Thursday, 15 August 2013

The Architecture and Power of YouTube

I am testing my skills as a Flanuer (Barnes, 1997) through the social network of YouTube.

Upon reflecting what architecture is, I came across a YouTube video entitled simply ‘Architecture’ (MAYAnMAYA, 2009). The video said that architecture was simply the name we gave to the principles that make up a certain thing or object. If this thing happened to be a ‘network,’ then I would suggest that the basic principles that all networks have may be:

  • Participants
  • Communication
  • Rewards

YouTube is very much set-up in this way. There are thousands of participants, or ‘Youtubers,’ all over the world, from all different walks of life. They communicate by posting various types of videos and sometimes even commenting on other’s videos that appeal to them. The rewards system in YouTube can also be seen as the power relationship. Theresa Petray (2013), explained in the second week’s lecture that there were three different types of relationship in power; Dominant, where power is given by those in fear of another; Competition, where power is envied by someone who does not have as much power as another; and Cooperation, where power is shared equally.
YouTube has a competition relationship of power. This can be seen through the participants option of ‘liking’ a certain video that is uploaded or ‘subscribing’ to the participant, as to keep up-to-date and receive notification when that that member uploads another video. Members are able to ‘like’ or ‘dislike’ videos and comments that are made.  The more ‘likes’ a video receives, the more likely that that particular video will appear on YouTube’s home page as a featured or ‘trending’ video. It appears to me, that the more likes or subscribers that a YouTuber receives, the more likely they are to upload and put more effort into the process of the making of the videos.

As well as receiving notification about a certain fellow Youtuber’s ‘recent activity,’ a participants ‘Home Page’ also displays links to other videos that the member may also enjoy. Information is gathered from the members search history in YouTube, and lists of videos that have similar topics are displayed.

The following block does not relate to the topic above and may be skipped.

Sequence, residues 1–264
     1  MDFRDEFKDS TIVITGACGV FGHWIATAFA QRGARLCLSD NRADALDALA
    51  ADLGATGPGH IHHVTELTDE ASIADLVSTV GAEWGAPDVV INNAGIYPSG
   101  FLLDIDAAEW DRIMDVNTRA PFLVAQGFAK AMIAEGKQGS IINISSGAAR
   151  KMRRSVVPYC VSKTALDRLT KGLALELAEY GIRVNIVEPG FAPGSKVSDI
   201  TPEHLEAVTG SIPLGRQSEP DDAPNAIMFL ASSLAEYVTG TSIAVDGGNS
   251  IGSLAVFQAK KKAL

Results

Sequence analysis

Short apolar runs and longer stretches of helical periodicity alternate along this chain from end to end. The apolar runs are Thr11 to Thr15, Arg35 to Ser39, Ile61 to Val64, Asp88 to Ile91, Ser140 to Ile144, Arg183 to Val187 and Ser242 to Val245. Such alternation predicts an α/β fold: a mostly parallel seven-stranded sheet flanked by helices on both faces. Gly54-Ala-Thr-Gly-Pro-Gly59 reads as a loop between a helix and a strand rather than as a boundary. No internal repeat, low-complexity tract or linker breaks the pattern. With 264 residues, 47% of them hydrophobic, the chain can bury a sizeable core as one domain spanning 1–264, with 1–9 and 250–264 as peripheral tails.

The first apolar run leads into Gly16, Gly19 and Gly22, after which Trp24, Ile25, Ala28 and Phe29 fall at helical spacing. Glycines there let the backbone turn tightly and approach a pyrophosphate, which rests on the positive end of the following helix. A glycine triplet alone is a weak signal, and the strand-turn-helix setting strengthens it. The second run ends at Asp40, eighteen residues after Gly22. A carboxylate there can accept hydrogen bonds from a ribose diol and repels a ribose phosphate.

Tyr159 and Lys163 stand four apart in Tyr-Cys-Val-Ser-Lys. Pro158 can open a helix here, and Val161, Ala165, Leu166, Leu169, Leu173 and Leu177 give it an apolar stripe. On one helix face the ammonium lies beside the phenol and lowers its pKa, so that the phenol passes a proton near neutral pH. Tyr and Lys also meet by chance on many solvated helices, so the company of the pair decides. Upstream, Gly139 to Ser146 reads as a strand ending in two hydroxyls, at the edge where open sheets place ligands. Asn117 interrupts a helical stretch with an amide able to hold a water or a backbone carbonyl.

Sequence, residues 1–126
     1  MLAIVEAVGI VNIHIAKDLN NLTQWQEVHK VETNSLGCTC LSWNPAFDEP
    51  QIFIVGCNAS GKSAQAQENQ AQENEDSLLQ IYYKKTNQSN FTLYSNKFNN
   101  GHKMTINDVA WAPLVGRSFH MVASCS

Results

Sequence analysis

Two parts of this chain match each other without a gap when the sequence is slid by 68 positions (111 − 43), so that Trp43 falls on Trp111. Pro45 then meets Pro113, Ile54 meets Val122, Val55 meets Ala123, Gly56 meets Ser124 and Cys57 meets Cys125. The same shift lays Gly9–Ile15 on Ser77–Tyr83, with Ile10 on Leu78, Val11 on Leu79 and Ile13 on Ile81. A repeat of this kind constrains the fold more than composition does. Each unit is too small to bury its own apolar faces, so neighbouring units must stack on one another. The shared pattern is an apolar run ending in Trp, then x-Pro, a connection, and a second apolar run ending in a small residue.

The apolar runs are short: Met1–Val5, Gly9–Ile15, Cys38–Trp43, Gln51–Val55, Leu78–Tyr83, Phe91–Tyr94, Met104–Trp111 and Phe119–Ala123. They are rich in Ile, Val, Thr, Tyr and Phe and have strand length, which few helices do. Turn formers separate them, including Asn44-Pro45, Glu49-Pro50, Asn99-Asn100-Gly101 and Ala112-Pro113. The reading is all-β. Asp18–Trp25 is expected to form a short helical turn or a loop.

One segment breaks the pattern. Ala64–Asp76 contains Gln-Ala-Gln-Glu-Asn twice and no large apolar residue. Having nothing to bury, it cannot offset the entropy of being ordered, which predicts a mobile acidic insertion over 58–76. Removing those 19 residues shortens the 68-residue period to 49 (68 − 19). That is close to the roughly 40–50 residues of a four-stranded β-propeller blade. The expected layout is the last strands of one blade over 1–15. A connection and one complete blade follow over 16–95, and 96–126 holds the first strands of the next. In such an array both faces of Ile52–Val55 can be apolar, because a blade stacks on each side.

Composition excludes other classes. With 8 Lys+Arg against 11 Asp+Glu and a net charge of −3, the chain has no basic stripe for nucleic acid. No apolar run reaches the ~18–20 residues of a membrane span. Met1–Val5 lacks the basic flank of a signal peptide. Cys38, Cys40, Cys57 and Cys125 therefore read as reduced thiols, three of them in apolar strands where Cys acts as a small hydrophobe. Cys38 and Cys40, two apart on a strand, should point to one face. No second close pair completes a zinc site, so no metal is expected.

As an over all view, YouTube connects participants form all over the world through either, subscriptions, comments or similar viewing history.


Barnes, G. (1997). Passage of the cyber-flaneur. Retrieved from :                

Petray, T. (2013). BA1002: Our Space:Networks, Narratives, and the Making of Place, Week 2 Notes (PowerPoint). Retrived from:

MAYAnMAYA. (2009). Arcitecture. Retrieved from:

Image Credits

The "Channelization" of YouTube (Image). (2013). Retrieved from:


  1. Mikayla Giuffrida16 August 2013 at 13:37

    Your blog is very interesting and I particularly like how you linked to that video on architecture. The idea that architecture really is just principles that make up a certain thing or object is an idea that does not regularly surface. It helped change my understanding of what architecture really encompasses, not just ‘buildings’ as first comes to mind. From this, you developed your own perception on what basic principles are involved in networking which clearly highlight your engagement with the two concepts.
    As discussed by Teresa Petray, power is “a relational effect of social interaction” and this is clearly evident in the way YouTube functions (Petray, 2013). YouTube and the success and failures of its contributors are tightly intertwined with the notion of power.


    Petray, T. (2013). BA1002: Our Space: Networks, Narratives, and the Making of Place, Week 2 Notes (PowerPoint). Retrieved:

  2. As a regular user of YouTube, it was very interesting to gain insight as to how you view this program both structurally and socially. You made good points when taking into account the architecture of YouTube and the basic principles that are the base of this this site as a social network. You also mentioned the display of YouTube, commenting on features such as the Home Page, Recent Activity and Like and Dislike buttons, which all encourage social interaction with other users. This also relates to the issue of power and competition between channels, where power is shared equally. However some users have more power over others, due to the amount of attention there channel receives, which usually have more effort put in and are more consistently updated. YouTube is a virtual “breeding ground for the aimless roaming Flaneur” (Barnes 1997), and although not sprawling with detail, your blog seems to have analysed the social aspects of one of the most popular social networks.
    Keep up the good work.